May 14, 2013

OMIG Announces $4 Million Brooklyn Ambulette Audit

Findings Include Missing TLC License Information, Driver's License Numbers, and Incorrect Plate Numbers

The Office of the Medicaid Inspector General (OMIG) and the New York City Human Resources Administration (NYCHRA) announced findings of more than $4 million as a result of an audit of Medicaid transportation provider Alert Ambulette, located at 2702 Stillwell Avenue in Brooklyn, New York.

The audit assessed this provider’s compliance with the laws, rules, and regulations of the Medicaid program. Alert received $5,238,370 for 89,847 services rendered to 6,993 Medicaid enrollees.  Auditors reviewed a random sample of 100 services involving 91 Medicaid enrollees to reach its conclusions.  The total amount expected to be recovered is $4,028,190.

The auditors discovered practices ranging from improperly licensed and/or registered vehicles, inappropriate procedure codes used for billing, and inaccurate or missing information on claims.  In more than 50 percent of the claims examined, license plate and/or driver’s license number information was missing.  In more than one-third of the claims, drivers were unlicensed by the New York City Taxi & Livery Commission (TLC), a Medicaid as well as New York City requirement for ambulette drivers.

This audit was conducted as part of OMIG’s County Demonstration Program, a state and local partnership committed to finding fraud, waste, and abuse in the Medicaid program.  Audits under this program are conducted at the local level using protocols and standards created by the Office of the Medicaid Inspector General.  OMIG issues the final report and seeks appropriate restitution from providers who have received Medicaid funds.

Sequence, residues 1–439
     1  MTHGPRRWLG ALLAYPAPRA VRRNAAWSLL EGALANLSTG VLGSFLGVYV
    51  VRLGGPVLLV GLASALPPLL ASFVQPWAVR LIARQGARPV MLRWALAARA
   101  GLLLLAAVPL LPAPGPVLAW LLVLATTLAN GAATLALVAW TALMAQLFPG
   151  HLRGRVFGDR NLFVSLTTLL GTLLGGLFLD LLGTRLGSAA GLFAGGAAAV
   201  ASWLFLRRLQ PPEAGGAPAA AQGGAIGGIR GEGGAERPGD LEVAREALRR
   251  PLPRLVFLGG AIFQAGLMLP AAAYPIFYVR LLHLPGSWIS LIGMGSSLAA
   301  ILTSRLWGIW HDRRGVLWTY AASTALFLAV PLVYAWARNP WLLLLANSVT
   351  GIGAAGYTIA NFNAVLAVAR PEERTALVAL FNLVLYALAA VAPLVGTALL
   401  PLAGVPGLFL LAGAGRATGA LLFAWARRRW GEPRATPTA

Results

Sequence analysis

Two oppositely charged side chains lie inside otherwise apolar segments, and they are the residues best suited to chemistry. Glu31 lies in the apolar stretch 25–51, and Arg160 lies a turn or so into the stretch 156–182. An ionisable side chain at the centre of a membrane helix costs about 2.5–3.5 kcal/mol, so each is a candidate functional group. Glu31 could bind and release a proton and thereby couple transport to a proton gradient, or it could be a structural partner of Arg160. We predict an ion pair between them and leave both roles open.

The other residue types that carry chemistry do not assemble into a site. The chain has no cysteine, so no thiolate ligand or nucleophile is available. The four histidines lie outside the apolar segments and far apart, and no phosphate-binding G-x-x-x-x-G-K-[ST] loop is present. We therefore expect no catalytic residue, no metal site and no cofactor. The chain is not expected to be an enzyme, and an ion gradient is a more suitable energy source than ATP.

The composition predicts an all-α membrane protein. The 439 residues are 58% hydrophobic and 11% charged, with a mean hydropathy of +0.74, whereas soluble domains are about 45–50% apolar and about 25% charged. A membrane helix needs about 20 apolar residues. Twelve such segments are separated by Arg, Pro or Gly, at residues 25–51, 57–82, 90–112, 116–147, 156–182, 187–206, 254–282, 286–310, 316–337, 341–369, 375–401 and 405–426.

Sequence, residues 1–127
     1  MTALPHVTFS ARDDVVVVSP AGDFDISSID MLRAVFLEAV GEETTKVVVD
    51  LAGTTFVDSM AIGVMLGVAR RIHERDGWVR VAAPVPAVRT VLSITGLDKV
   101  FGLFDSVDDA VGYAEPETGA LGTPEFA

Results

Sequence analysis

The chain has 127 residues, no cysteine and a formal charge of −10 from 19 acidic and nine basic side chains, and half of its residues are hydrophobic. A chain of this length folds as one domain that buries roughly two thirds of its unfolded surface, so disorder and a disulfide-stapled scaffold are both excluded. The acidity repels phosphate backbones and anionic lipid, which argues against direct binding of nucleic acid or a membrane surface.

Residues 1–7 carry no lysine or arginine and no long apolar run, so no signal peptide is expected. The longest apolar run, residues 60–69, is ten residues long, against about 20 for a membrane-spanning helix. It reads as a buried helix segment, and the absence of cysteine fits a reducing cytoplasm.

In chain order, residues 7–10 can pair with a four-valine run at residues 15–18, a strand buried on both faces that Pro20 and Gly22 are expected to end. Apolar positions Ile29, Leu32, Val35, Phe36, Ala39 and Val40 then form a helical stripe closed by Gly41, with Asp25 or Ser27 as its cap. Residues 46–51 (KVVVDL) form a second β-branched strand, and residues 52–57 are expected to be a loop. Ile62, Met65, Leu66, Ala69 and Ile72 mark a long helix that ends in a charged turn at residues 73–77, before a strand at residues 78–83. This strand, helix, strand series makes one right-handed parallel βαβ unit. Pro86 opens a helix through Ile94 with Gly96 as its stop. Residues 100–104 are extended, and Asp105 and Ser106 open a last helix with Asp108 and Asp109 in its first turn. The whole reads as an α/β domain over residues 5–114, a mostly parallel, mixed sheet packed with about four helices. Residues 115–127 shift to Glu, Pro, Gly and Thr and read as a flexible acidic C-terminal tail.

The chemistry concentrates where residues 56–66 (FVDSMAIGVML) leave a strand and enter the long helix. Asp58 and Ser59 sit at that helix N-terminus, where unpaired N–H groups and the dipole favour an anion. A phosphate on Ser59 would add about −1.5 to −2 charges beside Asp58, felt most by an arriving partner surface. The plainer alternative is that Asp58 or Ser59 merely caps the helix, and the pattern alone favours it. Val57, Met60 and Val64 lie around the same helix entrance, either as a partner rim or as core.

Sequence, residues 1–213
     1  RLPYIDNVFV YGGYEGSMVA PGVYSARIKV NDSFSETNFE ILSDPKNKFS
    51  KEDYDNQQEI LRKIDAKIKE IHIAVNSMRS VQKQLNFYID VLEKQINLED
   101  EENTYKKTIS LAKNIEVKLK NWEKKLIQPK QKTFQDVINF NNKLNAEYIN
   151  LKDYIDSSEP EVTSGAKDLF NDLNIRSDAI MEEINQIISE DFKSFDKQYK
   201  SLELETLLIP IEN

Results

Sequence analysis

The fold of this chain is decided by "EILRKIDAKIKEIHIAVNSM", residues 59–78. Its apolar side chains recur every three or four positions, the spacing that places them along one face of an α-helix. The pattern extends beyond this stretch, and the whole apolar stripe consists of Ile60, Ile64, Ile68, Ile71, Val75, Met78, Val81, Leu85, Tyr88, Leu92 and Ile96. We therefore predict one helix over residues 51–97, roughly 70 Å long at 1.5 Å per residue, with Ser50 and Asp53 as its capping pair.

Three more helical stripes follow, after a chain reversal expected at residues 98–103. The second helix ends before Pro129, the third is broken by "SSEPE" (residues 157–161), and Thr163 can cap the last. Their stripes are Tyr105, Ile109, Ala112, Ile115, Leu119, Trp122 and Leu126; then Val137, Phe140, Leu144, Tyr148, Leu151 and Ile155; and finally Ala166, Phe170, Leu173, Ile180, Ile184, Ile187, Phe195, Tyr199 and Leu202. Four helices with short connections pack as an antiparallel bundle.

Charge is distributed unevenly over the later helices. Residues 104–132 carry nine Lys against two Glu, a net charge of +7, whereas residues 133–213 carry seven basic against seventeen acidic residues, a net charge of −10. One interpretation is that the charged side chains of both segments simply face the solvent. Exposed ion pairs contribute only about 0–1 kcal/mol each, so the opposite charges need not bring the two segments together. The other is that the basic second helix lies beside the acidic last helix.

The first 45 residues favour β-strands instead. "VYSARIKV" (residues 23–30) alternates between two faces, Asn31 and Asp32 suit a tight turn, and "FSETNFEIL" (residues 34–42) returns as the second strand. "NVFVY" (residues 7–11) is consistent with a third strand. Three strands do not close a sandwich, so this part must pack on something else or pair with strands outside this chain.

Medicaid Inspector General James Cox said, “Medicaid should never foot the bill for services that fail minimum standards.   Retrieving taxpayer dollars when we identify a problem like this is what we do every day.”

HRA staff work with the OMIG to audit providers who violate Medicaid program rules, and audits like this send a message to the Medicaid community that someone is watching,” said HRA commissioner Robert Doar. “We value our partnership with New York State and are proud to use our staff’s unique knowledge of New York City neighborhoods and skills to help weed out fraud, waste, and abuse in New York City’s Medicaid program.”

The New York State Department of Health (DOH) now uses a transportation broker to more closely monitor the usage of ambulette services in New York City. 

Auditing transportation providers is one of OMIG’s major initiatives, as found in the 2013-14 OMIG Work Plan, published on the OMIG Web site (  The New York City HRA, through the County Demonstration Program, has partnered in this instance with OMIG to ensure that this priority remains active in the metropolitan New York area as well. 

OMIG appreciates this opportunity to work with the New York City HRA on behalf of the taxpayers of New York State with the goal of detecting Medicaid fraud and abuse and recovering misspent funds for the Medicaid program.


This is a message from NYS Office of the Medicaid Inspector General.

The mission of the New York State Office of the Medicaid Inspector General is to enhance the integrity of the New York State Medicaid program by preventing and detecting fraudulent, abusive, and wasteful practices in the Medicaid program and recovering improperly expended Medicaid funds while promoting high-quality patient care.

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